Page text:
…it is complete. I received the last two cards I needed for the subset yesterday. Woohoo! My first completed subset in…well…a loooong time. That means we will definitely look at the entire thing. I may move on to some other subsets of Timeline, but for right now I’m focused on some of the 2002 issues I talked about yesterday.
Poor Edinson. He looked so brilliant in 2008, then lost most of the last two years to injury. Given Johnny Cueto’s pitching motion, I always figured he would be the first of the two brilliant young pitchers to give out. I’m thinking Cueto will still eventually give out, but for now, it seems the Reds have both of them back in the rotation, along with some other great pitchers. Speaking of which, what the hell happened to Aaron Harang? That guy was a world-beater for awhile there, and now…wow. Just awful.
Anyway, Edinson returned recently and pitched a great game. Good for him! As for the card itself, I like it, but it’s not a standout in the set, exactly. They’ve applied that 92 filter (look at the way the light diffracts on his arm to understand what I’m talking about) that I just love so much (ugh), but the shot is vintage 92. It would definitely have fit in with the original set.
This was another one of those “Who?” cards when I pulled it from the blaster. Iribarren had a blistering 10 OPS+ in 15 plate appearances in 2008, and faired slightly, if not significantly, better in 2009 with a 78 OPS+. He managed a 0.0 WAR in 2009, making him the very definition of a replacement player. Good job? All I can think is he must be a glove guy, because his minor league numbers really aren’t much better. I mean, he had a .680 OPS in the friggin’ Pacific Coast League in 2008. Not exactly what you call a world-beater, but I’m always glad to see a guy like this get a card. Even if he never sticks, he’ll always have this to point to.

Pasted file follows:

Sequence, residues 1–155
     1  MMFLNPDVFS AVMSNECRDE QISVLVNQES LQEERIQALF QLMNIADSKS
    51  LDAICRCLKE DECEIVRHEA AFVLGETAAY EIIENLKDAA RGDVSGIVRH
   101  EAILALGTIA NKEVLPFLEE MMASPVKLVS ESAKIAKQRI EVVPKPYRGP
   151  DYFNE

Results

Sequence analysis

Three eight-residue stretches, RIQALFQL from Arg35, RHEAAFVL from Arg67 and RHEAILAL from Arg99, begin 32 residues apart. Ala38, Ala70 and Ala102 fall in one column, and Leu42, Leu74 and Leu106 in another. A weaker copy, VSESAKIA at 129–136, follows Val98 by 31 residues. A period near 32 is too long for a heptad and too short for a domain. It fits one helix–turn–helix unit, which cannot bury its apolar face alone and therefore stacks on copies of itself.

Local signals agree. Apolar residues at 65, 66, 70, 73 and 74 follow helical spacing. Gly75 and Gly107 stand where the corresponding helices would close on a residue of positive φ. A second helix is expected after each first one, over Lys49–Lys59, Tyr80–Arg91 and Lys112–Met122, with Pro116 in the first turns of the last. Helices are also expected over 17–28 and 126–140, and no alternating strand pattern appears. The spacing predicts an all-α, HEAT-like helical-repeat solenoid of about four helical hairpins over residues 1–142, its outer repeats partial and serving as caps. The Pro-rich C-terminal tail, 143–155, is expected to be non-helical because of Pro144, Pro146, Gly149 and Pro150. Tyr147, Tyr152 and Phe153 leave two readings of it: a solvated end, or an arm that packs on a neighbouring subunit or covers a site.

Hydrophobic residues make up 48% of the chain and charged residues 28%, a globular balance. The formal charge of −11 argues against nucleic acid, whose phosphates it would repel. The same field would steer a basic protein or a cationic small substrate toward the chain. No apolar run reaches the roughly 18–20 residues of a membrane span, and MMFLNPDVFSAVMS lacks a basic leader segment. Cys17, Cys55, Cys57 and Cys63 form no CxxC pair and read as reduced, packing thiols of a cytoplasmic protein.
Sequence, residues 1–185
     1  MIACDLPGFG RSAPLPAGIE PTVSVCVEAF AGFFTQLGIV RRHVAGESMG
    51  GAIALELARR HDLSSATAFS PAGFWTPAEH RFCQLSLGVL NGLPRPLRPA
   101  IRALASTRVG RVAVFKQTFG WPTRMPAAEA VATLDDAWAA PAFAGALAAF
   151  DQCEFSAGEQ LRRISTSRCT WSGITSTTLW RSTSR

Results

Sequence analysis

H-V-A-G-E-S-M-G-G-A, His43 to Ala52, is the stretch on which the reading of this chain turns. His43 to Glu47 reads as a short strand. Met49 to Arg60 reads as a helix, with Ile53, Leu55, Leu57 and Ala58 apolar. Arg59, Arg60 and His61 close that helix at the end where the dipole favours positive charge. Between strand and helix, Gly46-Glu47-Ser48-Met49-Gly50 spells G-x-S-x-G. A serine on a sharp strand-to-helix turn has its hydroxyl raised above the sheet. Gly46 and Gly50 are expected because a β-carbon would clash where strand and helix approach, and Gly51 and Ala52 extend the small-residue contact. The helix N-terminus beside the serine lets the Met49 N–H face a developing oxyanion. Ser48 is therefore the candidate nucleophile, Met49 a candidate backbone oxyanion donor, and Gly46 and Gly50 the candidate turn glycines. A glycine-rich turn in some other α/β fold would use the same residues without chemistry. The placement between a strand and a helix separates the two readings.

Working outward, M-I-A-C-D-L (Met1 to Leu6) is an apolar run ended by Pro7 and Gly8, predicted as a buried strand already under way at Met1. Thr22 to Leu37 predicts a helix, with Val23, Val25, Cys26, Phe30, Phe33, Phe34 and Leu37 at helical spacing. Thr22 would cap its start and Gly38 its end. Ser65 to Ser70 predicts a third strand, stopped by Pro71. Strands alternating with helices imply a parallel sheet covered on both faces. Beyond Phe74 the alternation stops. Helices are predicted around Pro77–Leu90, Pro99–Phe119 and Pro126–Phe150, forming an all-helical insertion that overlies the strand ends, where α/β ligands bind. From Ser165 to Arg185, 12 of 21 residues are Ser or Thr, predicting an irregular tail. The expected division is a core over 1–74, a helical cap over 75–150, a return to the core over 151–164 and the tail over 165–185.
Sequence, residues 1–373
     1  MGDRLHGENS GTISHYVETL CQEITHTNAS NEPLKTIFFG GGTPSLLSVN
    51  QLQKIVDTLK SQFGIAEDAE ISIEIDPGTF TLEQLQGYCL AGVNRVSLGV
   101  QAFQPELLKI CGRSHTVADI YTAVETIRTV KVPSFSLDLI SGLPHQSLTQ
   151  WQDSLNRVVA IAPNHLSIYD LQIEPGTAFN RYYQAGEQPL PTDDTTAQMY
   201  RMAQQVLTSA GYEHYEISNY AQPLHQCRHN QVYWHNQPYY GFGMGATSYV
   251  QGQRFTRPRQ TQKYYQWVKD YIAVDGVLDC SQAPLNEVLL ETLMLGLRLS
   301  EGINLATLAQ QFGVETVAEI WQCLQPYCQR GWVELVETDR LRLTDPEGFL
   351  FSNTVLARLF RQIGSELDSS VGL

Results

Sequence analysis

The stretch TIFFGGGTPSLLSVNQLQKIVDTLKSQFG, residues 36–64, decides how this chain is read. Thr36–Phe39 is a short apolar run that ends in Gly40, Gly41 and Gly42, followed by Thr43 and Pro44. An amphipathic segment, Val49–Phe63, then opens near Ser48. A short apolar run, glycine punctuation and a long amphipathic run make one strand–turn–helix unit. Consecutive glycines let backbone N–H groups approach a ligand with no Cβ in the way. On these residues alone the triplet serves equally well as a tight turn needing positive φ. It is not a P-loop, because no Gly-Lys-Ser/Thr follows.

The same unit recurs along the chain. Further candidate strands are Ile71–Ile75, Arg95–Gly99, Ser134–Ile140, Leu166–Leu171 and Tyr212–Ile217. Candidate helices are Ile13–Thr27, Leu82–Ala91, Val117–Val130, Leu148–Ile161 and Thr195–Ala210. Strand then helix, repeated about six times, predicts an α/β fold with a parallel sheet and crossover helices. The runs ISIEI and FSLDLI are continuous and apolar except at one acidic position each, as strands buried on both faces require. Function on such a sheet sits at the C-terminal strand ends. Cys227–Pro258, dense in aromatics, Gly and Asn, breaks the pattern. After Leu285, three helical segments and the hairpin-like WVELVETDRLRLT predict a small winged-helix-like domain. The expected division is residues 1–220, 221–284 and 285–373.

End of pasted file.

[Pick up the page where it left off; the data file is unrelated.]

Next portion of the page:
Let’s finish it up with a couple of Cubs. First is Reed Johnson. Reed joined the Cubs in 2008, so I wonder if he was included in this set as a sort of “traded” nod, because he’s kind of far from being the sort of young player Upper Deck seemed to be going for here. Reed’s never been the most amazing player, but 2008 was about par for the course, and shows why batting average is not the be-all end-all for judging a player. He hit a deceptive .303, but his obp was .358. Ick. He did, however, manage a 98 OPS+, not great for a corner outfielder and certainly below league average, but he accounted for 1.3 WAR. Not a terrible pickup from the scrap heap.
What a letdown this guy must be for Cubs fans. I remember the hype with him coming in, that he would be the next Ichiro or Hideki Matsui. What they got instead was a corner outfielder who couldn’t muster a 100 OPS+. Hell, even a 90 OPS+. He rebounded a bit last year, mustering a 104 OPS+ with a 3.1 WAR, but he’s back down again this year, and can’t seem to manage to get above a .260 batting average (one of those times when batting average does kind of matter). He’s been especially wretched in July. Just another thing that’s gone wrong for the Cubs.